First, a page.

The United States is considering blocking Russia’s ability to pay its American creditors by allowing a key waiver to expire next week, a US official announced Tuesday.
Bloomberg News reported Tuesday that the administration of President Joe Biden is willing to allow the waiver to expire on May 25, which could bring Moscow closer to the brink of default.
“It is being considered, but I do not have a decision to advance at this time,” the official told Reuters. “We are studying all options to increase the pressure on (Russian President Vladimir) Putin.”
Bloomberg reported that the government decided not to extend the waiver as a way to keep financial pressure on Moscow.
Western sanctions following Russia’s invasion of Ukraine prohibit transactions with Russia’s finance ministry, central bank, or national wealth fund.
However, a 9A temporary general license issued by the Treasury Department’s Office of Foreign Assets Control on March 2 makes an exception for purposes of “the receipt of payments of interest, dividends, or maturities in connection with debt or principal ”.
The license allowed Moscow to continue paying investors and avoid defaulting on its public debt and allowed US investors to continue collecting coupons.
It expires on May 25, after which Russia will still have to make almost $2 billion worth of external sovereign bond payments before the end of the year.
Some market players had speculated that Washington might extend the waiver so as not to punish US bondholders.
The US Treasury Department did not immediately respond to a Reuters request for comment.
Weeks ago this ministry warned that the United States and its allies “will continue their efforts” to increase economic pressure on Russia. A ministry official said they will target those who try to circumvent sanctions against Moscow.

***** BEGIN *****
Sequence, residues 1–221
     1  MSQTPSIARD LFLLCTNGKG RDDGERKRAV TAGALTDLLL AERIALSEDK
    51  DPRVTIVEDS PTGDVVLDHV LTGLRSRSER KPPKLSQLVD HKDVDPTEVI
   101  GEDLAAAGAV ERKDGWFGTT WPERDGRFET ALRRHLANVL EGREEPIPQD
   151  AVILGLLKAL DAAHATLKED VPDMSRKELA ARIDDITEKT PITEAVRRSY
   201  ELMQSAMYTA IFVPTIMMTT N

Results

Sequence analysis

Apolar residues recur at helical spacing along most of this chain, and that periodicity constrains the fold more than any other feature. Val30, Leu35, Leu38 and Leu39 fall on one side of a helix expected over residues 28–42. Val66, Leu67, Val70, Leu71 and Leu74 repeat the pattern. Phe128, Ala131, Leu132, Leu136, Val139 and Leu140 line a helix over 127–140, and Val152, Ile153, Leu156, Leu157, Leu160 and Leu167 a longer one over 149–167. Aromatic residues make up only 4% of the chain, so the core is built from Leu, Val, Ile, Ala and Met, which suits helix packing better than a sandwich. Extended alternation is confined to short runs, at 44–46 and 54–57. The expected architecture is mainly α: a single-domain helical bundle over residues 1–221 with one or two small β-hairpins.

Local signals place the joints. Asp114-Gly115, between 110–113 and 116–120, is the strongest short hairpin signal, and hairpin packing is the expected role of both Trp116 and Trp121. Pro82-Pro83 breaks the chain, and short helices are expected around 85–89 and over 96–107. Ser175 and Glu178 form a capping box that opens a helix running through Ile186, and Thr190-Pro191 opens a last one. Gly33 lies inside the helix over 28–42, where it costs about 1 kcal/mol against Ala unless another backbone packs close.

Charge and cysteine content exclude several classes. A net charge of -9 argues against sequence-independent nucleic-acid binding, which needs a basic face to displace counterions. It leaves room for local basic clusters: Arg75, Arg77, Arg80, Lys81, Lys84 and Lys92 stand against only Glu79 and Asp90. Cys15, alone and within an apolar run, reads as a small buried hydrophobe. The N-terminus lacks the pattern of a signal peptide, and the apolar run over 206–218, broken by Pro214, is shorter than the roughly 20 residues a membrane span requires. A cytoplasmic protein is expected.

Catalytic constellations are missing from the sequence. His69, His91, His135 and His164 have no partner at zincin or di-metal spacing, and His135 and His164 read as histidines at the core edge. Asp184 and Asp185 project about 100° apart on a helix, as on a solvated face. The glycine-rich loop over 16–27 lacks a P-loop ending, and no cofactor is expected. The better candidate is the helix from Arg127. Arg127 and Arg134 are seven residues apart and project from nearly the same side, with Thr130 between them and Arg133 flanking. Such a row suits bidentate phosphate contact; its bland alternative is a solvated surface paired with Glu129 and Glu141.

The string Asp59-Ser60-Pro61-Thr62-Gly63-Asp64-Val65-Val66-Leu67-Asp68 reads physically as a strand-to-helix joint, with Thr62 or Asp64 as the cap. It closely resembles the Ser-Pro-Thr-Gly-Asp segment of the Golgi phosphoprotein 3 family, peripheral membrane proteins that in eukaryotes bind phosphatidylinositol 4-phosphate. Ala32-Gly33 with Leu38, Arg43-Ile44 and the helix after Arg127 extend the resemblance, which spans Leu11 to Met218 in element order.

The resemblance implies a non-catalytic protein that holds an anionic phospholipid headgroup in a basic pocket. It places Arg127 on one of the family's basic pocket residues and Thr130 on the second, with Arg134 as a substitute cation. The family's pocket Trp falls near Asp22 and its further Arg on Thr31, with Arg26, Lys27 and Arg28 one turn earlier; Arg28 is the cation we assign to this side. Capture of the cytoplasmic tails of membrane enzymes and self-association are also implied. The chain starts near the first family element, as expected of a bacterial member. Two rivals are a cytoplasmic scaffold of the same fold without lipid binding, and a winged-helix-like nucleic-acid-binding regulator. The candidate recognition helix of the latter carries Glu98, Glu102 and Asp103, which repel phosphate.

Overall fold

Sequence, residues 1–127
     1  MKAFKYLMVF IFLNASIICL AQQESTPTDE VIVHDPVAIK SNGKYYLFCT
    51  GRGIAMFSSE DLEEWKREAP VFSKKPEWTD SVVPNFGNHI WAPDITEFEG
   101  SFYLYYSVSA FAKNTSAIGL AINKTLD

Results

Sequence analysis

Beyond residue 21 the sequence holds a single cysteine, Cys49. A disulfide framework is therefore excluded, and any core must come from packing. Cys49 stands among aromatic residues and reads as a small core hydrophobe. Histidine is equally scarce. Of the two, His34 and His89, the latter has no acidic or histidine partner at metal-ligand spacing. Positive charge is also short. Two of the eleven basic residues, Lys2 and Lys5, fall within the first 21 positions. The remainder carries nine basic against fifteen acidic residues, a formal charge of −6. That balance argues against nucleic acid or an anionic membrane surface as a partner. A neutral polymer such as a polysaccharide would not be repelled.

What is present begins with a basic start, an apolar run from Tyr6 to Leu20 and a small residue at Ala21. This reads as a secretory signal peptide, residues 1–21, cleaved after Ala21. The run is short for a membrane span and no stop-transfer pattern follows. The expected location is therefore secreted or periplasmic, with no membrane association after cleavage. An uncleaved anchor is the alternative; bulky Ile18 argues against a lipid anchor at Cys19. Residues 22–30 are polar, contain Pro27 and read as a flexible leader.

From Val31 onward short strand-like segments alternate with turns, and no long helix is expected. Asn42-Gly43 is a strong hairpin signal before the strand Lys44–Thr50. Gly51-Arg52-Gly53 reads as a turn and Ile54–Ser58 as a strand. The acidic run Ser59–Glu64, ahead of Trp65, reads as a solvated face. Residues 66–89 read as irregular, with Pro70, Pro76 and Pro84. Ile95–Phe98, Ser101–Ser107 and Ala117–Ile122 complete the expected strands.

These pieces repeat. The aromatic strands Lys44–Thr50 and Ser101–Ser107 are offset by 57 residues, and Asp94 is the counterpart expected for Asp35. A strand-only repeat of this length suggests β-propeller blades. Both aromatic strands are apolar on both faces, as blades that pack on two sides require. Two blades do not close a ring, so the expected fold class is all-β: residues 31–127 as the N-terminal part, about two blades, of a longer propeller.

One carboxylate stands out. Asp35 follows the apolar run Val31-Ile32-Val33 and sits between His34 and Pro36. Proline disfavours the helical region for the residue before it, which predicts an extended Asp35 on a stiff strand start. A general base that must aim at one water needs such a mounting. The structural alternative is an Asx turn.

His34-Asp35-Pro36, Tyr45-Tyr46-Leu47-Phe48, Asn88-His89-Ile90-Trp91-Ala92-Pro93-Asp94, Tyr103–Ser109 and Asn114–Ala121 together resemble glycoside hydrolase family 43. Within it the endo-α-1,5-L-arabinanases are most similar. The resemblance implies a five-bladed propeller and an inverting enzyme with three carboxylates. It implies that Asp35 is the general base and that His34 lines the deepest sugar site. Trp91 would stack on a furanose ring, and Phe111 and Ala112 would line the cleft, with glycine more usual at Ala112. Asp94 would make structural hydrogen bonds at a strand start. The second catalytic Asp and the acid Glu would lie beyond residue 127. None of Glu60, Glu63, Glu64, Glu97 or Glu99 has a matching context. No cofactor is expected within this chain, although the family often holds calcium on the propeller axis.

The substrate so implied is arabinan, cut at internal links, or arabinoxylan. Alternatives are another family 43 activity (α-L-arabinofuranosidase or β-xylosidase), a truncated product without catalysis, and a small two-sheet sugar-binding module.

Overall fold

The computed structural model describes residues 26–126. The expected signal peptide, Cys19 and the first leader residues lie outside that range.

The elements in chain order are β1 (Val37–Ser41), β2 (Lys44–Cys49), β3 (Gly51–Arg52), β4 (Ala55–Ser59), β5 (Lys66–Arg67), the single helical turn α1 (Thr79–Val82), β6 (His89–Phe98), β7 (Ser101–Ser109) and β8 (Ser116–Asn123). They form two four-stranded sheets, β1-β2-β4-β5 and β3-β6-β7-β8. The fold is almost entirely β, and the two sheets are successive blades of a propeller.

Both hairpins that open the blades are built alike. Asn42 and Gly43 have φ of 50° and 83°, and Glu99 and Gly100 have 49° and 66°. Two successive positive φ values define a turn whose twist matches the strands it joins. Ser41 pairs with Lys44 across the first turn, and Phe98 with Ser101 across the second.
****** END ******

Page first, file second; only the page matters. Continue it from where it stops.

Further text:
Last month the International Monetary Fund (IMF) estimated that the Gross Domestic Product (GDP) of Russia, under massive sanctions since the beginning of the invasion at the end of February, will contract by 8.5% this year, and Ukraine’s 35 percent.
These figures represent respectively 11.3 and 38.5 percentage points less than the January forecasts that gave Russia a growth of 2.8% and Ukraine 3.5% in 2022.
After falling by 60%, the ruble has returned to levels close to those of before the invasion. But the exit of foreign companies from Russia affects many industries, such as aeronautics and air transport, finance, the computer sector, and agriculture.
“Therefore, the outlook remains bleak,” estimated the IMF.
In addition, a loss of investor confidence will cause a significant drop in private investment and consumption, which can only be “partially offset by budget spending.”
As a consequence, the Fund expects a sharp contraction of the Russian economy in 2022 and a further decline in GDP of around 2.3% in 2023.
The IMF warns that the impact could be greater if some economies, such as Germany, “disconnected” from Russian energy. Germany imports a large amount of Russian gas, coal, and oil.